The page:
Work Rights Centre submits written evidence to the ICIBI's inquiry into the immigration system as it relates to the social care sector

By Olivia Vicol and Adis Sehic - 22 September 2023

Earlier this week, the Work Rights Centre submitted written evidence to the Independent Chief Inspector of Borders and Immigration (ICIBI), in relation to its inspection of the immigration system as it relates to the social care sector. This is what we shared with the ICIBI, and our recommendations.***

The Skilled Worker - Health and Care visa (the ‘Health and Care visa’) was introduced in August 2020, allowing medical professionals to come or stay in the UK to work with the NHS, an NHS supplier or in adult social care. Expanded in December 2021 to also allow care workers, care assistants and home care workers under its remit, it is currently the most popular type of work visa in the UK.

The Home Office has issued a total of 381,045 Health and Care visas since it was first introduced, including to main applicants and their dependants. With the majority of workers coming from India, Nigeria, Zimbabwe, Ghana and the Philippines, there has been a sizeable increase in visas issued every year since 2020. 

We are concerned about mounting reports of exploitation under the Health and Care visa. At the Work Rights Centre, we heard from 13 clients on this status this year, whose issues ranged from non-payment of wages to disputes over repayment of inflated training fees. Evidence of exploitation has also been widely reported in the media, as well as in publications by the Gangmasters and Labour Abuse Authority (GLAA).

Our written submission to the ICIBI highlights our concerns. In summary, we focus on the following:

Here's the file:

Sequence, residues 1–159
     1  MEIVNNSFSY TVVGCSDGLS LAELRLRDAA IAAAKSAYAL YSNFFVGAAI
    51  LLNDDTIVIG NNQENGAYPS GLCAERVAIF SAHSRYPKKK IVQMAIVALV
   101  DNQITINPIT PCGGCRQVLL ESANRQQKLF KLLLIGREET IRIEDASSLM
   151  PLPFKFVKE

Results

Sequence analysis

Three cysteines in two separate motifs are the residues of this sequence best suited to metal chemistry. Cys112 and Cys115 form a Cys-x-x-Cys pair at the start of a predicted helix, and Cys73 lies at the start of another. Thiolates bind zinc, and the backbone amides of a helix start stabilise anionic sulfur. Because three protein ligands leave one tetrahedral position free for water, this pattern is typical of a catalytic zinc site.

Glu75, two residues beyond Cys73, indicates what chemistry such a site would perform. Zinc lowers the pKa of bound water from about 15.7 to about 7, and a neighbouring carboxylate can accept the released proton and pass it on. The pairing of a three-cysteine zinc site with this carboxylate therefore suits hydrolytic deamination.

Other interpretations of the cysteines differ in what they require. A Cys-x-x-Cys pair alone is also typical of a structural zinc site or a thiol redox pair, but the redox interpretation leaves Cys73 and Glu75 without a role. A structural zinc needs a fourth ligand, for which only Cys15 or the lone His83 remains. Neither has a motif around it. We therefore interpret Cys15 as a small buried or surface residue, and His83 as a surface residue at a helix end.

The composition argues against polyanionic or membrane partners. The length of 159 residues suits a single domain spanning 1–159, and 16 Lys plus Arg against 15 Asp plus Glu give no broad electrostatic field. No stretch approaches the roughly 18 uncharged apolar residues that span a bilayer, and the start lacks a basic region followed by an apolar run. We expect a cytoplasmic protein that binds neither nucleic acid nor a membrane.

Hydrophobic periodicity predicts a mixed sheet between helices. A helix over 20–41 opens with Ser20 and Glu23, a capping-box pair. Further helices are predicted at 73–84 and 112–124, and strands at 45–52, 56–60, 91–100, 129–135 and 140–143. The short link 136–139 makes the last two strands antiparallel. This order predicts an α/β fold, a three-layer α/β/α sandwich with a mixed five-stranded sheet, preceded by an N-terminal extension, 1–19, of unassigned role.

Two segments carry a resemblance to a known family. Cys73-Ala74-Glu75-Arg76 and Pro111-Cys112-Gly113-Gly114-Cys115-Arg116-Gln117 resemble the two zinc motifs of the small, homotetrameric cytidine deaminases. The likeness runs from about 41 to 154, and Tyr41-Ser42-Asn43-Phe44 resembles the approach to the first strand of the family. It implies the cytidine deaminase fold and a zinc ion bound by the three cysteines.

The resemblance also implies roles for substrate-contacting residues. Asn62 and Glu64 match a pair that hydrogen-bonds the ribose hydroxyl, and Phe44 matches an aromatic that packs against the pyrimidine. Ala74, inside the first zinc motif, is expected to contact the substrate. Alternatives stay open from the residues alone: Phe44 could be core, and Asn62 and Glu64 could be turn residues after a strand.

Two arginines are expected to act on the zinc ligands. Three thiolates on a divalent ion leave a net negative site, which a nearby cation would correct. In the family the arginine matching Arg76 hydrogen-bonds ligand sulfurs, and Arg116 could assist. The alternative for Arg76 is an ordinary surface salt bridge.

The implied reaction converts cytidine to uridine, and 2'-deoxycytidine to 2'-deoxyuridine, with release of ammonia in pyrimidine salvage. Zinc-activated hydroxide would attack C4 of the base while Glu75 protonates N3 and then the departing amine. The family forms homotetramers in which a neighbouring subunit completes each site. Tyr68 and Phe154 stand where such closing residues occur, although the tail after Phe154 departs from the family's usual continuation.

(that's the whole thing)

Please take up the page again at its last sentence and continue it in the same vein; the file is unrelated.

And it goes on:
1. The risk of worker exploitation within the Health and Care visa is real. This is visible at the level of recruitment, when intermediaries charge workers illegal recruitment fees, pushing them into debt bondage; but it is also visible in the practices of UK-based employers. We have come across worrying evidence of non-payment, poor accommodation, and unreasonable working hours.

2. It is not clear if the Home Office has the ability to adequately regulate the sponsors it licenses. While the number of sponsors has increased rapidly, we have no data about Home Office compliance visits since 2019. What we do know is that licence suspensions or revocation are less than half as likely in 2022, as they were in 2019.

3. There are currently a myriad governmental actors involved in the regulation of the social care sector. Based on our experience, a fragmented governance nexus risks diluting responsibility for worker welfare, and makes it considerably more difficult for workers to report exploitation and obtain redress.

In light of this evidence, our submission to the ICIBI makes two sets of recommendations. First, a series of measures which can mitigate the risk of exploitation within the Health and Care visa itself, including giving workers more control over their immigration status, removing the requirement for workers to update their visa when moving employers within the same sector, and instituting safe reporting.

Second, we propose measures that can tackle the bigger problem of migrant workers’ overrepresentation in precarious employment, and their under-representation in justice. In our view, the exploitation of care workers is not an isolated story, but the outcome of a fragmented labour enforcement system, where migrant workers in particular fall through the cracks. To tackle this, our submission calls for a Migrant Worker Welfare Strategy and Migrant Commissioner, who will take the lead in identifying welfare concerns and working with the ICIBI and government to address them. 

You can read our recommendations and evidence submitted to the ICIBI here.

To support the Work Rights Centre in our efforts to assist migrant workers, including those on the Health and Care worker visa scheme, please consider making a donation or following us on social media.

*** In the original version of the submission, we made an error relating to the growth in the number of Tier 2 registered sponsors over the last few years. This has been corrected along with any internal references to the relevant statistics, and an amended version of the submission was uploaded on 5 October 2023.

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